What To Do Before Filing For Long Term Disability Steps To Take To File For Long Term Disability

First and foremost, get a copy of your long term disability policy from your employer.  It's critical that you understand the definitions, terms and conditions in that policy before filing your claim for long term disability benefits. 

Get a complete copy of your medical records from your physicians. Some doctor's offices will give you only the physician notes or reports, some will charge you or have some copy service charge you for this, some staff members don't want to deal with it. But whatever the situation, be assertive in getting everything in your medical chart - office notes, labs, orders, prescriptions, referrals, etc. You need to see these before the disability insurance company does, and you have to know what your doctors are saying about your condition or injury and your ability to work before you file for long-term disability benefits.

You're injury or condition is legitimate - you're not trying to hide anything. But remember, the insurance company is going to do everything they can to deny or stop your disability benefits, construe everything that isn't 100% clear in their favor.

Review Your Medical Records Before You File Your Claim

You would be surprised at how many people don't review their medical records.

There could be a mistake in the records (this happens frequently, and with electronic medical records and auto-fill on the computer, the mistake gets automatically repeated in every office visit). Examples of common mistakes we see in medical records could be what job you hold and the physical aspects of the job, how long you've had the injury or condition, what caused it, and what your limitations really are.

Your doctor may not know what "disability" really means under your long-term disability insurance policy - in other words as it is defined in your specific policy - not the common, dictionary, or medical definition.  Remember, it is your job to educate your doctor regarding the terms and conditions of your policy! We do this for our clients and we work with physicians, experts and consultants all the time.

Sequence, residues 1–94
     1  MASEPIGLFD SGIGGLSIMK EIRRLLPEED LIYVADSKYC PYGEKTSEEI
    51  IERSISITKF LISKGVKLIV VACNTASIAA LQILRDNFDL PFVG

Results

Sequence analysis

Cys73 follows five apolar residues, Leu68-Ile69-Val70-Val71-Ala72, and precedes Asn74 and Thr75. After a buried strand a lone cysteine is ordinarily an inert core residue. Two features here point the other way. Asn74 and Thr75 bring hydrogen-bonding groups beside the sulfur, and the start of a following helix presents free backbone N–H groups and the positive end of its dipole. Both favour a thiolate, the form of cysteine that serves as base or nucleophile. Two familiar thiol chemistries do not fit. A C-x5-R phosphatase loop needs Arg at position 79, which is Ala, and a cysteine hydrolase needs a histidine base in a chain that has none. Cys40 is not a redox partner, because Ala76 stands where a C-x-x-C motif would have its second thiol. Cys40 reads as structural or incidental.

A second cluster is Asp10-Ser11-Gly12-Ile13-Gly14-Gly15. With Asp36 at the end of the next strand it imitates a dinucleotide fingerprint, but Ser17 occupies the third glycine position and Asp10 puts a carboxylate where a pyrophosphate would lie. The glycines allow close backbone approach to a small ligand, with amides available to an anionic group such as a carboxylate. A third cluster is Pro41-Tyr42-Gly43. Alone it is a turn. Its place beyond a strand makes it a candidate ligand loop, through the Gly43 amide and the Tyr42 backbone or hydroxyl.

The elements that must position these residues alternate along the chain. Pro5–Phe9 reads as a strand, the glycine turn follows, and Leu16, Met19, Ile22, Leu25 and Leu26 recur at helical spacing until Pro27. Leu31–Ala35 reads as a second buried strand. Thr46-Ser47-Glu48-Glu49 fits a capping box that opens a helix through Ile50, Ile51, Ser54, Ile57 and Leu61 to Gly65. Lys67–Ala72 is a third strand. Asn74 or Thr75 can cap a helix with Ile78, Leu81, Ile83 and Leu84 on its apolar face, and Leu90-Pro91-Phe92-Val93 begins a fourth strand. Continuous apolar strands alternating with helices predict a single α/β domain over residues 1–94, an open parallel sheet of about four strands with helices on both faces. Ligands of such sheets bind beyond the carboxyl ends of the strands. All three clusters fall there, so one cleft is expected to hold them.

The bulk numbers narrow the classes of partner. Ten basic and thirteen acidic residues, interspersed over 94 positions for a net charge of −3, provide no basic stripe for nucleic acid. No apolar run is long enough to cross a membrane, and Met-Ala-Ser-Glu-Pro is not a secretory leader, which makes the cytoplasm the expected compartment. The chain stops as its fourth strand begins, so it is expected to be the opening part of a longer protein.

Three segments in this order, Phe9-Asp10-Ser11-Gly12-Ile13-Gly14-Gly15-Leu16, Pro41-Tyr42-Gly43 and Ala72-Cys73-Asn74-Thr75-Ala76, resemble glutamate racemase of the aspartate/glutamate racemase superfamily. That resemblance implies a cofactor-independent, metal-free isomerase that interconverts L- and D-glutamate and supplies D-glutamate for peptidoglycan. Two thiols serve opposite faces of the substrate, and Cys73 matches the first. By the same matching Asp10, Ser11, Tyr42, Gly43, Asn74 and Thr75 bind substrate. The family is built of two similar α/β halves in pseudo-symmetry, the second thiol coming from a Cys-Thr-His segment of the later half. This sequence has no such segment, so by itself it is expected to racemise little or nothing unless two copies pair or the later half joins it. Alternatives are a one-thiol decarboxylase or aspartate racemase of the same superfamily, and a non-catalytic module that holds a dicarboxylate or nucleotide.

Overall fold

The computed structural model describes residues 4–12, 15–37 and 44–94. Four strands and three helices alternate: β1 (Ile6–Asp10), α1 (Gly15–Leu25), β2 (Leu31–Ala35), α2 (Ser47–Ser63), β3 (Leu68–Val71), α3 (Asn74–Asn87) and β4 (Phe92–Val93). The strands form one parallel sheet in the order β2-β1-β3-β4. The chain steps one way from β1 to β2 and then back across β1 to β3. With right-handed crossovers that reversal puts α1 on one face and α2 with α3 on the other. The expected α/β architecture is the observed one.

The records amay not be complete - there are visits, labs, tests, etc. that are not in your medical chart.

Your doctor may not be a specialist or doesn't have specific expertise with your specific injury or condition and some of his notes could be misinterpreted by the insurance company. It's not that he doesn't understand your condition and that you can't work, but that his notes are vague, general, or not very specific. 

Long term disability insurance companies will try to use your medical records against you.

Keep in mind that none of this really matters as far as your medical treatment goes - and that is what your doctor is focused on. Many doctors are squeezed by health insurance reimbursements and view documentation as one more thing they have to do - but it's critical for your long-term disability claim. Obviously, you want a copy of your records so you can identify if you have any of these issues before you file your claim, and so you can take steps to correct them by talking to the doctor, getting a follow-up exam, a second opinion, etc.

In every case, the disability insurance company will review these records closely, looking for everything they can (any mistakes, inconsistencies, omissions, etc.) they can use to deny benefits. The insurance company will have their own medical consultants and experts review your records - and you can bet they are trained to look for every inconsistency, mistake, anything that is vague or doesn't specifically describe your injury, condition, and inability to work. Your medical condition and inability to work are real and legitimate, so make sure your medical records are good enough to satisfy the insurance company under the policy and qualify for benefits.

Our Experienced Long Term Disability Attorneys Can Help​

If you don't understand your long term disability insurance policy or don't review your medical records and just send them to the insurance company, you may set yourself up for a denial of your claim - that's what your long-term disability insurance company is hoping for. Our experienced long term disability lawyers can guide you through the process so you can get your case off on the right track and avoid having your claim denied. 

If you want more information on how to prepare for your ERISA long term disability claim, or want to talk it through, call us at (202) 393-3320 or chat with someone right now. We make it easy to get started. And we give you a plan.

Frank R. Kearney, Attorney-at-Law
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Experienced DC Workers' Comp, Long Term Disability & Accident Lawyer